Giffords' husband hopes she'll be at April launch

March 24, 2011 By MARCIA DUNN , AP Aerospace Writer
In this Thursday, March 17, 2010 picture, Expedition 26 Commander Scott Kelly, left, is reunited with his twin brother, Mark Kelly following a flight back to Ellington Field in Houston from Kustanai, Kazakhstan. Scott Kelly landed in Kazakhstan on March 16 with his Russian crewmates in the Soyuz TMA-01M spacecraft after 159 days in space, 157 days on the International Space Station. Mark Kelly is in the final weeks of training as Commander of the final flight of Endeavour, STS-134, that will spend more than a week docked to the ISS. Endeavour is targeted for launch on April 19, 2011. (AP Photo/NASA, Rob Navias)

(AP) -- The astronaut husband of wounded Rep. Gabrielle Giffords said Thursday there's a "pretty good chance" she will attend his space shuttle launch next month.

"We still don't know for sure. I'm just awaiting final approval from her doctors," shuttle commander Mark Kelly told reporters at a news conference at NASA's Johnson Space Center.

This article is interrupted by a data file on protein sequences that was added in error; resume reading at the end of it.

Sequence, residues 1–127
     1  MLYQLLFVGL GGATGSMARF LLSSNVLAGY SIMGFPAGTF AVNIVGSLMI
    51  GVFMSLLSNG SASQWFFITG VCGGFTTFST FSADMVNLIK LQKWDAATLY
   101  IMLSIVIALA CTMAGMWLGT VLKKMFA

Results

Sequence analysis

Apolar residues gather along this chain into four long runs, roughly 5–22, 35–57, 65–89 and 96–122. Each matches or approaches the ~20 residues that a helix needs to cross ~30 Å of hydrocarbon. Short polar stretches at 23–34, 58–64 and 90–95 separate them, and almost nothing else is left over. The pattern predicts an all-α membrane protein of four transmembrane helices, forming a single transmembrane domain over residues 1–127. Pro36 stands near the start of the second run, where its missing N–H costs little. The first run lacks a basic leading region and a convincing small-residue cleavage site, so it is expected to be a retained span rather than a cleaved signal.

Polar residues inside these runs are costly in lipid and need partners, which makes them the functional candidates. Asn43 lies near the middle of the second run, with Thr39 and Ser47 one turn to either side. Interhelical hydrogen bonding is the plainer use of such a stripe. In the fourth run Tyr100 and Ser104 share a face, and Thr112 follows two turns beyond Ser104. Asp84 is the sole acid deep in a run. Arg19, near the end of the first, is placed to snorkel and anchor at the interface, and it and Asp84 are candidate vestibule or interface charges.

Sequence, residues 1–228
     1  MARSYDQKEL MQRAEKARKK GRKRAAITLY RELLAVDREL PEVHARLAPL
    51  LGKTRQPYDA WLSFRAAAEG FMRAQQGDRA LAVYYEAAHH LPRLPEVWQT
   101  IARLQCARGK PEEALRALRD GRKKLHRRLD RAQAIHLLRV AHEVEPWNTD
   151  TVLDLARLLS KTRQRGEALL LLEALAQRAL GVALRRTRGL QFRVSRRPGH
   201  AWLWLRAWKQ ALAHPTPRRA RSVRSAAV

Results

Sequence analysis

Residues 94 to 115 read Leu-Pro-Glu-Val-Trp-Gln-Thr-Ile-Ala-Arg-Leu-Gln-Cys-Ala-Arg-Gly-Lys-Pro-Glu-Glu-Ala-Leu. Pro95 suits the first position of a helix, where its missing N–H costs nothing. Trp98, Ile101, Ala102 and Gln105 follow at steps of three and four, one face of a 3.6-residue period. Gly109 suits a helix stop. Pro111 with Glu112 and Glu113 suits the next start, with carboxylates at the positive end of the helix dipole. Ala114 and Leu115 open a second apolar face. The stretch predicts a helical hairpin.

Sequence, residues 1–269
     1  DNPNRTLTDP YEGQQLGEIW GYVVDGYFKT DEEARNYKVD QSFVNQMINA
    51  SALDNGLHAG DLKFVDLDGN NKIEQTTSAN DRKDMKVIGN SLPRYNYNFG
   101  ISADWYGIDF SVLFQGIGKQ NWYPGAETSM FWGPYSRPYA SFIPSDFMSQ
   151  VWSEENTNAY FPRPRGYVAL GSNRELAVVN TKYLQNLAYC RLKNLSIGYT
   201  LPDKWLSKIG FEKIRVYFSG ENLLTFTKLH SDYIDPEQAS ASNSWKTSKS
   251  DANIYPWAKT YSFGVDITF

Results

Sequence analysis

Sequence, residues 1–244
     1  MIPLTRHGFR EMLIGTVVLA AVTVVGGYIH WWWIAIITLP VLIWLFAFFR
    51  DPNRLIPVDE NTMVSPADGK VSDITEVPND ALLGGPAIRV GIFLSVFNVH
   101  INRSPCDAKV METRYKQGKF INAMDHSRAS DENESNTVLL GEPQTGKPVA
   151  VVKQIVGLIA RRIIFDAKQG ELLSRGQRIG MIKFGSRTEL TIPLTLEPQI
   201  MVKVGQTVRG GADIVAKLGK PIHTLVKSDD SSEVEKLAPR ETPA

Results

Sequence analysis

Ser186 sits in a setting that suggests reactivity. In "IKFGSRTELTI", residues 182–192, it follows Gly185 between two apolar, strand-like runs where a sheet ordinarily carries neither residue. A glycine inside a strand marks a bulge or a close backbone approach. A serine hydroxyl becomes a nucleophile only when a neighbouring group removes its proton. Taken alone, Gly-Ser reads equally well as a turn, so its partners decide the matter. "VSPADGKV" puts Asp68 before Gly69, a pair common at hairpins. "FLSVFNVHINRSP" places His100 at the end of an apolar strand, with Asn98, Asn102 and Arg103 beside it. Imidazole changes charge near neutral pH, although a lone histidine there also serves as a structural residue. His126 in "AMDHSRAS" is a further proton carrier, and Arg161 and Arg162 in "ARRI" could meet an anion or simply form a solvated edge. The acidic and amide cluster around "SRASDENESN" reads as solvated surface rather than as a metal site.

Kelly said his wife, who is recovering from a gunshot wound to the head, is doing "remarkably well."

"She's improving every day - and in the realm of brain injuries that is very significant and pretty rare," he said. "She's starting to walk, talk more - more every day."

Giffords is also beginning to deal with the shooting at a Tucson, Ariz., shopping center in January, he said. "Despite that, she remains in a very good mood," he said.

Kelly spoke at the traditional preflight news conference for shuttle crews. Wearing a turquoise "Gabby" wristband, he spoke first, reading from a statement before the crew took questions. He said he wanted reporters to focus on the , not his wife's recovery.

He is the commander of NASA's next-to-last shuttle flight. is due to blast off for the final time April 19. The fleet is retiring after makes one last trip to the this summer.

Kelly quit training after his wife was shot while meeting with constituents. But a month later he decided to fly the two-week mission. At the time, he said he wanted his wife to attend the launch.

"She's been looking forward to this for a long time," he said Thursday.

Within two weeks of the shooting, Giffords was transferred to TIRR Memorial Hermann hospital in Houston. Kelly said he sees her every morning before work and at the end of the day.

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